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Reducing Habitually Delinquent Properties – A New Year’s Resolution?

Tech Sights BHDS News often discusses delinquencies and serious delinquencies on mortgage loans and their implications for the industry and the market. But a topic not heavily explored is habitually delinquent properties, or delinquent properties after 10 or more years of unpaid taxes. With the many issues tax liens could place on the mortgage holder, should servicers take a deeper look into these properties in 2017?

A recent report from LERETA, a national real estate tax and flood service provider, identified 167,112 properties as habitually delinquent across 39 states nationwide. Broken down even further, these properties were concentrated in the South and West regions with a combined 24 states represented. The Northeast has seven states represented with these delinquent properties, and the Midwest had eight states.

“I think there are a variety of reasons ranging from collectors not enforcing payment to possibly estate affairs where the owner has possibly died and there is no mortgage,” says Terry Cason, Data Modeling Analyst at LERETA. “We can't determine exact causality without further research collection records. However, many of the amounts are low, indicating that the property may be of little value.”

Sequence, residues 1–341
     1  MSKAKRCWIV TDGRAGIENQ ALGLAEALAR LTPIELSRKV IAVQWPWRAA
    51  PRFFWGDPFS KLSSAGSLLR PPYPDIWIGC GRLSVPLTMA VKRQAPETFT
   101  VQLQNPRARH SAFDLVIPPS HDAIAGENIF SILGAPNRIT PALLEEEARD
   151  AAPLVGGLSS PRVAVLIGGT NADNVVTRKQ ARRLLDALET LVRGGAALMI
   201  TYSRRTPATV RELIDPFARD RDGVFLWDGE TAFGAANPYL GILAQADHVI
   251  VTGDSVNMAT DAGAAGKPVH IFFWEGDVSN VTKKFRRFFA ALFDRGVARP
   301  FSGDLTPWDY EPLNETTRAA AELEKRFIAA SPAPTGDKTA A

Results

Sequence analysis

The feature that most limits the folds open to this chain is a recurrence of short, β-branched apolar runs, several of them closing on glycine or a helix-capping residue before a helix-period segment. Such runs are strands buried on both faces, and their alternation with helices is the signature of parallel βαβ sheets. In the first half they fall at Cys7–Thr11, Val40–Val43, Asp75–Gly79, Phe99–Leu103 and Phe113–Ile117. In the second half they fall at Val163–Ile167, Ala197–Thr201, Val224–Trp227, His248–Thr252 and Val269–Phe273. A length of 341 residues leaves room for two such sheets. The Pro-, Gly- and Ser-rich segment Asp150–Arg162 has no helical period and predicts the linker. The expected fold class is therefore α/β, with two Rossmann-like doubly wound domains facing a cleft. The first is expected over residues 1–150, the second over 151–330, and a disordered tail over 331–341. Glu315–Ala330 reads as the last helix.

Many of these regions share similar trends when it comes to their serious delinquency rates, as reported by the most recent CoreLogic Foreclosure Report. For example, the South held some of highest rates with 4.1 percent in Mississippi and 3.8 percent in Louisiana.

“I fully expect this to continue given that the parcels were already delinquent for successive years,” adds Cason.

LERETA says that the analysis included 575 jurisdictions with an outstanding delinquency amount of $725,488,886 and average delinquency amount of $4,341 per property.

With all this said, though, the question still remains–what are the implications of these properties on lenders and servicers?

“Unpaid taxes as reflected by these parcel records can have serious ramifications and are subject to tax liens that may ultimately result in property loss,” says Cason. “The bottom line is, the mortgage lien is subordinate to a tax lien and places substantial risk on the mortgage holder. This is an area lenders should follow more closely.”

About Author: Kendall Baer

Kendall Baer is a Baylor University graduate with a degree in news editorial journalism and a minor in marketing. She is fluent in both English and Italian, and studied abroad in Florence, Italy. Apart from her work as a journalist, she has also managed professional associations such as Association of Corporate Counsel, Commercial Real Estate Women, American Immigration Lawyers Association, and Project Management Institute for Association Management Consultants in Houston, Texas. Born and raised in Texas, Baer now works as the online editor for DS News.

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